Could Parkinson ’s disease be what brings an end to Vladimir Putin’s reign?

Putin ducks scrutiny as cancels his annual press conference

Vladimir Putin - Credit Kremlin

The question has arisen whether Parkinson’s disease could bring an end to Vladimir Putin’s reign after he was seen puffy faced and shaking during a meeting with Kazakhstan President Kassym-Jomart Tokayev, 69, on Monday.

Experts who viewed the video said on Tuesday, November 29 that Putin’s condition indicated that he was suffering from Parkinson’s. Throughout the meeting Putin’s foot twitched and he appeared to be trying to stop his rightarm from doing the same.

According to the Mayo Clinic Parkinson’s usually affects people over the age of 60, with many more likely to contract the disease. This usually results in tremors, slowed movement and impaired facial expressions, although there are many other symptoms.

The clinic also says that those suffering from the disease, which is not curable but can be managed, includes thinking difficulties, emotional changes and sleep disorders.

The footage from the press conference following the meeting showed Putin to be displaying many of the symptoms including his right arm hanging limp by his side.

The Sun claim to have documents that confirm his has early onset of Parkinson’s and that he pancreatic cancer.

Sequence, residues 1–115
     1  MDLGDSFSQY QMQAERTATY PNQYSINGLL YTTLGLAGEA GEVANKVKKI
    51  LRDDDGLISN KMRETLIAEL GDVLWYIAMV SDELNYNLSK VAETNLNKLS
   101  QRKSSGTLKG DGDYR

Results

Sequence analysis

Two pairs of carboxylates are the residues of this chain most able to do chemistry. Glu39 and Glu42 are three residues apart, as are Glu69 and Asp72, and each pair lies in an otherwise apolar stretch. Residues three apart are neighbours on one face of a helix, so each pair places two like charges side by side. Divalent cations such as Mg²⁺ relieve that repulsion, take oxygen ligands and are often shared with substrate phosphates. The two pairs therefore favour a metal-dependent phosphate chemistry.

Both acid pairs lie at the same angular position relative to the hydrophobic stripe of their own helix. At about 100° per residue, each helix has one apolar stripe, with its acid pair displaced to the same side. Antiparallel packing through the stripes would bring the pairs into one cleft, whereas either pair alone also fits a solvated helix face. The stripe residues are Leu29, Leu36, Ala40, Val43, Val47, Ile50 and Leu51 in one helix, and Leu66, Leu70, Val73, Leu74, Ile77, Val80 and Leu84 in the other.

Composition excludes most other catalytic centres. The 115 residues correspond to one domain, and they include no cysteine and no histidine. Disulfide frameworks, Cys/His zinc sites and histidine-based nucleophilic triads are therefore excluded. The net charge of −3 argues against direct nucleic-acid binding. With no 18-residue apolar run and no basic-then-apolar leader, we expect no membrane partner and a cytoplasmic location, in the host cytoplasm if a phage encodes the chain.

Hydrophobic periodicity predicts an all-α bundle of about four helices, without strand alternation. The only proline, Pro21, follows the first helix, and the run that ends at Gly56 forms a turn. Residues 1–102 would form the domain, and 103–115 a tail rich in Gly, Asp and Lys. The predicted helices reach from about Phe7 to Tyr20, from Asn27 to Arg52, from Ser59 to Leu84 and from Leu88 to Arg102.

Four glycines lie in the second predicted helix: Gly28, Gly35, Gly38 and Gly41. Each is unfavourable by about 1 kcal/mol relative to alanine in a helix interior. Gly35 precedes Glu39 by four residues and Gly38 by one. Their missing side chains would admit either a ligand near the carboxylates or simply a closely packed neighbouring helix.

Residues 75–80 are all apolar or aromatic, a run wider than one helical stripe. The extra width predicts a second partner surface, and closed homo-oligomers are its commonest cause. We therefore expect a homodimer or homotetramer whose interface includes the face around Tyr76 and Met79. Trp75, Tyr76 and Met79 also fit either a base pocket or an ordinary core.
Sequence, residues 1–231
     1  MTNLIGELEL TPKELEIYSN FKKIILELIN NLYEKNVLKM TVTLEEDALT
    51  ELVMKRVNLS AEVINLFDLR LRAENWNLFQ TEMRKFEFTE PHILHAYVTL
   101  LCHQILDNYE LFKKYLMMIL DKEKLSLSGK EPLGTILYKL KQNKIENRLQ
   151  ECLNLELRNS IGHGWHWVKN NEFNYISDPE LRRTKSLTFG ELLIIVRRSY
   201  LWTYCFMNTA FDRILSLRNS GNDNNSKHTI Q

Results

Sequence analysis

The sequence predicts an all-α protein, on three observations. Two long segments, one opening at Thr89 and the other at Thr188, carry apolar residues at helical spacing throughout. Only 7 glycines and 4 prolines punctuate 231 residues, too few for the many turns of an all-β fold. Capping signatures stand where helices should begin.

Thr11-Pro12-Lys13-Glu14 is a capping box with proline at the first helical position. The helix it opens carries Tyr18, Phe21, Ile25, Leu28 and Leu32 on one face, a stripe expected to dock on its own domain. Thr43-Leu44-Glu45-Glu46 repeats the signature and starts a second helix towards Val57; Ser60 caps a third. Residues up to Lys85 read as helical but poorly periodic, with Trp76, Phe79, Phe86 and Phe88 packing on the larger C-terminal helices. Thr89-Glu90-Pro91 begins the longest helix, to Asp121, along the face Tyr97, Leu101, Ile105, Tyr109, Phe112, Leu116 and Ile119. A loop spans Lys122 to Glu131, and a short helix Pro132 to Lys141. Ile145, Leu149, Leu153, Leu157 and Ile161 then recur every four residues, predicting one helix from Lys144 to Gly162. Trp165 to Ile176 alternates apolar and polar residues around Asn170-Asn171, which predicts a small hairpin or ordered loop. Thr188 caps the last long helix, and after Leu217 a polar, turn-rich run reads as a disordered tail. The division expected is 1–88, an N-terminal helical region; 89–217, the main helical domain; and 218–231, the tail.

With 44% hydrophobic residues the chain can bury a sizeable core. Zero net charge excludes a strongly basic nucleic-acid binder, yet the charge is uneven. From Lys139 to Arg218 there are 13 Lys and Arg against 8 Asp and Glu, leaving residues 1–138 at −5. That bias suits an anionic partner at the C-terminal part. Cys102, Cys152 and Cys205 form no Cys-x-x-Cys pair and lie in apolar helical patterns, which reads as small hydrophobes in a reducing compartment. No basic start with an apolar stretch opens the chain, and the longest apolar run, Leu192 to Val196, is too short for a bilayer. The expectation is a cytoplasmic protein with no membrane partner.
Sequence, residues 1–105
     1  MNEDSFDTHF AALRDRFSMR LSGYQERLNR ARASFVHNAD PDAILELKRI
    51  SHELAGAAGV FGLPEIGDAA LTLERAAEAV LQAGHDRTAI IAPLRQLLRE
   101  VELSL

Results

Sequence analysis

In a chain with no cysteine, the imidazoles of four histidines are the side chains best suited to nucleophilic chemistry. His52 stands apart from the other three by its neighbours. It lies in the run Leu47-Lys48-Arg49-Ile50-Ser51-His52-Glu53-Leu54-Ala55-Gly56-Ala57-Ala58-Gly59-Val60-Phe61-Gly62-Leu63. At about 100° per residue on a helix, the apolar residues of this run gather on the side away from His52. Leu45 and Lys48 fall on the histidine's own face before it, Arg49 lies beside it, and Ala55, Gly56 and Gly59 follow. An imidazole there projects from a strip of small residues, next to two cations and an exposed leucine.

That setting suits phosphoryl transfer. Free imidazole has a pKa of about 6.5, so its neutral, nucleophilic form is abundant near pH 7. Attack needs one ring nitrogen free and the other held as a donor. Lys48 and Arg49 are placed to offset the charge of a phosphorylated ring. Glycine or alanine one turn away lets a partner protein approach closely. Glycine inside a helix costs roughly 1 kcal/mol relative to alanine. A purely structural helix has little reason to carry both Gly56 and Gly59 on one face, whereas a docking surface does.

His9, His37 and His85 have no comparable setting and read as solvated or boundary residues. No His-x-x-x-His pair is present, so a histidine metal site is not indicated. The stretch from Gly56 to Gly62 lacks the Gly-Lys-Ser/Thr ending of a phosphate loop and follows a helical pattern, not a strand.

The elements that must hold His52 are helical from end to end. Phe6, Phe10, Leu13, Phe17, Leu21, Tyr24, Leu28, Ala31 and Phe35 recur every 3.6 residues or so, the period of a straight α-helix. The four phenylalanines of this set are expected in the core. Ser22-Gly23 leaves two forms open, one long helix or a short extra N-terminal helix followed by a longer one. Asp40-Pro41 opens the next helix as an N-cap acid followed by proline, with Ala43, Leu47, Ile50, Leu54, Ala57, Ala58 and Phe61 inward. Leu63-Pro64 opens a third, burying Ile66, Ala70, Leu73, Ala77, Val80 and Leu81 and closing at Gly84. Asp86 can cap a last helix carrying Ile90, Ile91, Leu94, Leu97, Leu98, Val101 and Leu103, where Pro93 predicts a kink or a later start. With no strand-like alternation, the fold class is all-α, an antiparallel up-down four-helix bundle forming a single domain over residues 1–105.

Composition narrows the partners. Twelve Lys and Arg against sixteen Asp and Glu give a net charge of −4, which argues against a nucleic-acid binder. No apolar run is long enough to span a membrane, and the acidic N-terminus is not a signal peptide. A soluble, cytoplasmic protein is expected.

Perhaps adding to the difficulties the president is having, was the tense meeting with Tokayev who made his opposition to the war very clear. Although they exchanged documents there was only a brief handshake and hardly any eye contact.

Tokayev did not engage with Putin during the signing ceremony to mark 30 years of diplomatic relations. Putin posed for the cameras with his copy but appeared tired and puffy faced.

The Kazakhstan president finished saying that there is “every reason to be satisfied” with relations between Russia and Kazakhstan, but he went on to warn Putin: “You need to look ahead, and it is for this purpose that I have come here.”

Kazakhstan has offered safe haven from those fleeing the draft in Russia, much to the chagrin of the Russian leader. The country has also declined to provide Russia with any support in the war.

Tokayev made his views very clear to Putin at a security conference in Armenia saying: “We must not allow the fraternal Russian and Ukrainian people to part ways for tens or hundreds of years with mutual unhealed grievances.

He went on to demand that a peace formula be found.

If indeed Putin has Parkinson ’s disease it could be what brings an end to Vladimir Putin’s reign?

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Written by

Peter McLaren-Kennedy

Originally from South Africa, Peter is based on the Costa Blanca and is a web reporter for the Euro Weekly News covering international and Spanish national news. Got a news story you want to share? Then get in touch at